For illustrated talks on natural history and history see

For illustrated talks on natural history and history click here for

Tuesday, 15 August 2017

Cuckoos have left the UK, yet cuckoos remain.

Cuckoos, parasitic birds of reed warblers and other host birds, may have left the UK for their African winter quarters, yet cuckoos remain.  Cuckoo bumblebees, that is, which can commonly be seen in gardens.

Buddleia or butterfly bushes are visited not just by butterflies but also by bees.

Red Admiral

Large White

Buff-tailed bumblebees
For example, here are a couple of Buff-tailed bumblebees, Bombus terrestris.  The larger, with a buff coloured tail is a queen.  The smaller, with a white abdominal tip is a worker or a male.

Buff-tailed bumblebees
Queens produced in late summer are fertilised and hibernate over winter until next spring when they start a new colony.  All the other bees in the nest die.  (Although with milder weather in the south, some nests may survive the winter.)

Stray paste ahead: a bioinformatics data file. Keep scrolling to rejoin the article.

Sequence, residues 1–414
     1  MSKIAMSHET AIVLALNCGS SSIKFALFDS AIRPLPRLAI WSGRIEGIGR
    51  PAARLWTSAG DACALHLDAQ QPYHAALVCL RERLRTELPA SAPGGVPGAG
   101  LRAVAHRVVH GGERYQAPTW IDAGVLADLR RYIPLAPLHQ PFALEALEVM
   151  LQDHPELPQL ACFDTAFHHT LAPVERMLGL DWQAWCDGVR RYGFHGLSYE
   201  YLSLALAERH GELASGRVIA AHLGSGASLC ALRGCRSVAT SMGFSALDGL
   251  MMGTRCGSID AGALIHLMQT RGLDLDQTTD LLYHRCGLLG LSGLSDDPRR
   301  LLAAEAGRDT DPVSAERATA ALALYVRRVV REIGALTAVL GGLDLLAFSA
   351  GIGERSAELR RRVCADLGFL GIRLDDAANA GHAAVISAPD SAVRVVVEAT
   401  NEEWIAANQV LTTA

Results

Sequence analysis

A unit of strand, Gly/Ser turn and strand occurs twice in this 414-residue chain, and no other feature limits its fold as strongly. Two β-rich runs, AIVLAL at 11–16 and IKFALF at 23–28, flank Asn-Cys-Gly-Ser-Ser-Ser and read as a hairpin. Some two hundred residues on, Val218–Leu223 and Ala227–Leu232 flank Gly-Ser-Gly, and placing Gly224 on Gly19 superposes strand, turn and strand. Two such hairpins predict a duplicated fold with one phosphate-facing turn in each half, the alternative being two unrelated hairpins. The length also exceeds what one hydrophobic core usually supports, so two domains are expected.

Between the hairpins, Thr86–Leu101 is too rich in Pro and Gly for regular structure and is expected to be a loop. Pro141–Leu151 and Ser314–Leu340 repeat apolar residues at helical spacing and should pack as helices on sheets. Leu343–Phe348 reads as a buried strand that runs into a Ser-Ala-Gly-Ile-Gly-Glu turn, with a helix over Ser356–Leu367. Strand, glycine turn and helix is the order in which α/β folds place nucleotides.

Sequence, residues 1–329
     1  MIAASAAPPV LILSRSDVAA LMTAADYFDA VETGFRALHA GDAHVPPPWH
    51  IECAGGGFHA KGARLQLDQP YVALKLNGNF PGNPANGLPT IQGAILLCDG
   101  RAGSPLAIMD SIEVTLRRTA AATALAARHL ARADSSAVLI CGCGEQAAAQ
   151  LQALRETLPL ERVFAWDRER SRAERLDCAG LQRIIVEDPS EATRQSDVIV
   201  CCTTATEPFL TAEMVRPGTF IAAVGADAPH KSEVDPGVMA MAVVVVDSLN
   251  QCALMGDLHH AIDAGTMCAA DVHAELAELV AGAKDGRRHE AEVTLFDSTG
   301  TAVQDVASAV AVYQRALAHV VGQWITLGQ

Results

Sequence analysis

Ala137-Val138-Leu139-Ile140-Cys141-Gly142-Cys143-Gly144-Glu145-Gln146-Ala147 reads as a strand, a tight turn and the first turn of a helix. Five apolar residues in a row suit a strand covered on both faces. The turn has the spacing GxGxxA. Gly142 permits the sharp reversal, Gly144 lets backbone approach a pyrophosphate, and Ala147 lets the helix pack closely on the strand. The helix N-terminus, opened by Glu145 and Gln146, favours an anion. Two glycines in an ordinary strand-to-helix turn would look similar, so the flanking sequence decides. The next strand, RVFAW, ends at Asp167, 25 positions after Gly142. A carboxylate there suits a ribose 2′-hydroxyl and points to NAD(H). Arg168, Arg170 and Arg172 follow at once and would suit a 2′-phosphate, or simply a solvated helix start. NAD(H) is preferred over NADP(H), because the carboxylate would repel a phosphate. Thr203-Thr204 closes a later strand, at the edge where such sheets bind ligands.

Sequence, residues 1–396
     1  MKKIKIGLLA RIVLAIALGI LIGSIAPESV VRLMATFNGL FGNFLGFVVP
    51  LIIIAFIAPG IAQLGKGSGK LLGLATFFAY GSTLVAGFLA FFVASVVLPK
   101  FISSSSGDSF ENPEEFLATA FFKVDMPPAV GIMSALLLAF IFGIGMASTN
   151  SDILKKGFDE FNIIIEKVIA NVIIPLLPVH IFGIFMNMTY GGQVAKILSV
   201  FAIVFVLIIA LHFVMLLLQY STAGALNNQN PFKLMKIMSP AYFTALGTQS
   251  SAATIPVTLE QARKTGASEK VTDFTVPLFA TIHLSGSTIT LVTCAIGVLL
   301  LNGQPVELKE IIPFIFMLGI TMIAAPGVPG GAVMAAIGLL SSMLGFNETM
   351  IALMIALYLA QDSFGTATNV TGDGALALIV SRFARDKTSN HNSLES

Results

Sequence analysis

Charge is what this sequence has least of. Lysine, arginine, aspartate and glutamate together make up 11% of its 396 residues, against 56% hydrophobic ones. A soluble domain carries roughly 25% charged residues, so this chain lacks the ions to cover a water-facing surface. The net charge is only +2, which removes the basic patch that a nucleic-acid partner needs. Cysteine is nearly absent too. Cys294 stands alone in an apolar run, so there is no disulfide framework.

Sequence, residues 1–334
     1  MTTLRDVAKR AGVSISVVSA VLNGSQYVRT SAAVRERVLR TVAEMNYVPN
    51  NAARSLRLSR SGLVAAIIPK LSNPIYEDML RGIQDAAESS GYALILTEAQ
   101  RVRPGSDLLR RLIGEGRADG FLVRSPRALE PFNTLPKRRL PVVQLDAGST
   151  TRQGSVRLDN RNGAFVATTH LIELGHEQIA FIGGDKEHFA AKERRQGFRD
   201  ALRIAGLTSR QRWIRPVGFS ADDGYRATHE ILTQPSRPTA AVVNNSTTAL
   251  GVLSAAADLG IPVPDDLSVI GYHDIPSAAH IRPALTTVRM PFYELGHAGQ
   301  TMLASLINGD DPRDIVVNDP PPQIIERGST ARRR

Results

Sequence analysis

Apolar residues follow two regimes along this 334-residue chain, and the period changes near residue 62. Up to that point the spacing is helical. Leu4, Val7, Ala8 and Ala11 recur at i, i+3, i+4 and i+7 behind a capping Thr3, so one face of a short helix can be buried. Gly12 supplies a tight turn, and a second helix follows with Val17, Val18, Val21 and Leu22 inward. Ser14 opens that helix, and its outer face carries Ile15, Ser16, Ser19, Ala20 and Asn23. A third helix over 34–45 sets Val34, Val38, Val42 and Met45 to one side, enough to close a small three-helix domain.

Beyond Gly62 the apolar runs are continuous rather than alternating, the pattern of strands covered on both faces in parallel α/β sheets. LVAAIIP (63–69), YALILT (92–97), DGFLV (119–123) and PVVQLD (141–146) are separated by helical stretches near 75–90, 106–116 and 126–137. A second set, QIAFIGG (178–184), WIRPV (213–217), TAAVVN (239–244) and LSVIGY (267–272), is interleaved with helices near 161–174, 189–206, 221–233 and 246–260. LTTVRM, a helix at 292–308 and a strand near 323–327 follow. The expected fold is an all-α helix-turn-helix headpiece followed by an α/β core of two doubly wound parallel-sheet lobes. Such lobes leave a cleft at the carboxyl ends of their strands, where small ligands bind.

Southern Cuckoo bee
On this same bush yesterday in my West Sussex garden was a Southern cuckoo bee, Bombus vestalis, which is a parasite of Buff-tailed bumblebees.
Southern cuckoo bee and a honey bee

Buff-tailed bumblebee queen (foreground) and a cuckoo bee (top)

Just like the cuckoo bird, cuckoo bumblebees lay their eggs in a host bee's nest, which is cuckolded into rearing the cuckoo bee's progeny.

Bumblebees and honey bees are vital pollinators of plants.  Solitary bees play an even greater role.  

Advice for gardeners wishing to maintain a bee-friendly garden is avaiable from the Bumblebee Conservation Trust at

"The extraordinary lives of wild bees and the important role of gardeners in their survival" is one of my talks on natural history, details of which are at

All these photo's were taken in my garden yesterday, 14 August 2017.  Click on any picture to expand it.  For my other talks please see

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